Monthly Archives: June 2012

In the pipeline

The Baltimore Museum of Art has put out a call for Baltimore-based musicians for its smartphone-guided tour.  It’s a cool idea and I’ll be working with some Baltimore folks to craft some music.  The details are here.

In other news, it looks like I may be doing some music for a documentary on air hockey.  That should be fun and I’m looking forward to seeing the final cut.

The Henchman’s War is wrapping up which means that, in a couple of months, I’ll sit down to score for it.  I hope.  Here’s the trailer, for which I did the music:


In a few weeks, I should get my MaKey MaKey.  I’m looking forward to making some sort of controller out of it.  I recently emailed with the creator’s brother, named Beau, oddly enough, and he gave me some technical hints on how to get the device to do what I’d like it to do.  Potentially, I could hook it up to read me the weather and time from bed.  But I have a smartphone, so… no need for that nonsense.  Maybe I’ll make a musical drinking game.  Who knows.

Fuzzy Panda Recording Company has my most recent solo album available for free download until June 24, which is my dad’s 70th birthday.  It’s all guitar.

And, finally, I am trying to finish an album, which hasn’t happened in way too long.


The Future

Ever see Minority Report?  Anything with Robert Downey, Jr. as Tony Stark/Iron Man?  Or pretty much any heavily stylized crime drama like CSI?  All of them feature a computer display manipulable without a mouse or keyboard.  It’s pretty cool.  When the Kinect came out, it was a big step in consumer electronics (from the huge step of the Wii) for this sort of capability.  Now, the Leap Motion is on the way.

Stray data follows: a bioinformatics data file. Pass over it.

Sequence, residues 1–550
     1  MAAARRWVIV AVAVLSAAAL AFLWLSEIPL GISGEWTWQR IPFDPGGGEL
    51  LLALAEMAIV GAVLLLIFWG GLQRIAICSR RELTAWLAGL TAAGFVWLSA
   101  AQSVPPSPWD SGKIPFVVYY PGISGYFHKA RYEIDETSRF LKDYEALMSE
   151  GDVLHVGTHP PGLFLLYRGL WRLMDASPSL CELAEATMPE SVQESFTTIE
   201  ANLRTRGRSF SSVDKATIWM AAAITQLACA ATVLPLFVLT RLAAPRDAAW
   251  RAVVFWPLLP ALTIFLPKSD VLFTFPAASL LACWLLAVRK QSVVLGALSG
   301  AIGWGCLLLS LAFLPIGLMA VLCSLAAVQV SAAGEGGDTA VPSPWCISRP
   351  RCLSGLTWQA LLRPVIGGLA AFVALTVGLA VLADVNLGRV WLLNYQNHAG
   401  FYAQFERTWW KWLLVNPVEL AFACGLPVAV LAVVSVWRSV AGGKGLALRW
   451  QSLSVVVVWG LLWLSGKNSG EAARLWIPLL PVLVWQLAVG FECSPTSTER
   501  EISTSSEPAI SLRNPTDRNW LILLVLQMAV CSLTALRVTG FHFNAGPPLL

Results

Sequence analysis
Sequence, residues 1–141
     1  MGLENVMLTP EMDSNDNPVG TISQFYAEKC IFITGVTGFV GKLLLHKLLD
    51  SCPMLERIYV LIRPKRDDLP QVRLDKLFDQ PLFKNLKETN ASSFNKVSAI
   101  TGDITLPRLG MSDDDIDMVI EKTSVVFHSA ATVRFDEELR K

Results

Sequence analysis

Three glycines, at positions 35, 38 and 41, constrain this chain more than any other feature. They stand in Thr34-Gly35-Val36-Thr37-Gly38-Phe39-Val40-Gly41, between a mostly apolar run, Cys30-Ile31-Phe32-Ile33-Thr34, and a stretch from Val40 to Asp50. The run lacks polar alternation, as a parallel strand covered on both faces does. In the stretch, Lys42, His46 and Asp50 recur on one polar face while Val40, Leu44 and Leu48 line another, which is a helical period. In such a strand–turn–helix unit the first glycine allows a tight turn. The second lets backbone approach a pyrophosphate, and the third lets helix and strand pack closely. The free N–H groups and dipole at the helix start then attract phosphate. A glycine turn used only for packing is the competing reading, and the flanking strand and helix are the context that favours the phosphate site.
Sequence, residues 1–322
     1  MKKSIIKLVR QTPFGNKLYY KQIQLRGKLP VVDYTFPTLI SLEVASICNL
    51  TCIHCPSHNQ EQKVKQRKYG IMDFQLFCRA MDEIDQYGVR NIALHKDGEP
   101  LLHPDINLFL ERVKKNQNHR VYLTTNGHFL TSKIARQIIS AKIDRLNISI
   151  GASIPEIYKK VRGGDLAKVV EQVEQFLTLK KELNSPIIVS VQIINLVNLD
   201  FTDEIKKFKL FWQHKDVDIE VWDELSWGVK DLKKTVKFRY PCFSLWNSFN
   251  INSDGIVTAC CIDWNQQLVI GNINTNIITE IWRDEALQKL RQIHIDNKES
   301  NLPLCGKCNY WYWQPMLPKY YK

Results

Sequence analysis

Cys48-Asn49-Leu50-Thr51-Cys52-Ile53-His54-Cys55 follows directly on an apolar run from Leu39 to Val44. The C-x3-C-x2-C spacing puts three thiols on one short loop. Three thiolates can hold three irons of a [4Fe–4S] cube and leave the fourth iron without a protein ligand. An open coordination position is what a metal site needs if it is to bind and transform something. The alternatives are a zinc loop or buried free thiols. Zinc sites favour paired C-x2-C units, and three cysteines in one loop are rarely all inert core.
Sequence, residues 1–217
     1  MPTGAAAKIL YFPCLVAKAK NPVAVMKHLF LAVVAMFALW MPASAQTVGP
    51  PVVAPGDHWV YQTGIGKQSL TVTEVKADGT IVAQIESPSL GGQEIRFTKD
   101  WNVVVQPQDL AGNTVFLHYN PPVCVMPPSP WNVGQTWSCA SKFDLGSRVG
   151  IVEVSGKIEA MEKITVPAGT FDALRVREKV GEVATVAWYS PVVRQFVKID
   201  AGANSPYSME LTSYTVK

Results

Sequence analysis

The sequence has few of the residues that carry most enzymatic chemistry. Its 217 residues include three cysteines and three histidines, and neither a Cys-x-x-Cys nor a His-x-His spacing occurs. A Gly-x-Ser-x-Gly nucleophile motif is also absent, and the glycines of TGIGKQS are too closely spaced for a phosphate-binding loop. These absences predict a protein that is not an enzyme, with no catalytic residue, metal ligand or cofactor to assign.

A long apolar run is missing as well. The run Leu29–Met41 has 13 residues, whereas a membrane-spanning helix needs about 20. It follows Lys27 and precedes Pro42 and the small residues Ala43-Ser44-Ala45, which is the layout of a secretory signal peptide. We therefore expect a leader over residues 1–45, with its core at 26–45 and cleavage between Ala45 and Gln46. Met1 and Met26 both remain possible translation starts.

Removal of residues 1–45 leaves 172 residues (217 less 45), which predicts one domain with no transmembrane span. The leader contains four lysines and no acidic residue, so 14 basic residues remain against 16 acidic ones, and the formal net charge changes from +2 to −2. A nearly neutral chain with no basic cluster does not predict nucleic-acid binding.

Check it out:

Last summer, my cousin and I hacked a Kinect for the purposes of an interactive music experience.  I took some crappy video of what we did, but the video doesn’t make it clear – people could control which samples were playing.  My computer didn’t have the requisite computational power to make it as fantastic as we would have liked. But still, it worked.  One of the big drawbacks, however, was the inability to use two hands at once to trigger two samples.  The Kinect (or at least the programming my cousin wrote) used a weighted average of inputs (hands and/or feet, in our case) to place the cursor which triggered the samples.  This meant that we couldn’t use the Kinect to, for instance, play piano notes, because the cursor would slide from one note to another, through other notes.  Basically, will I be able to play chords?  Will I be able to do more than just trigger in such a situation?  Will I be able to turn two separate and unrelated dials at the same time?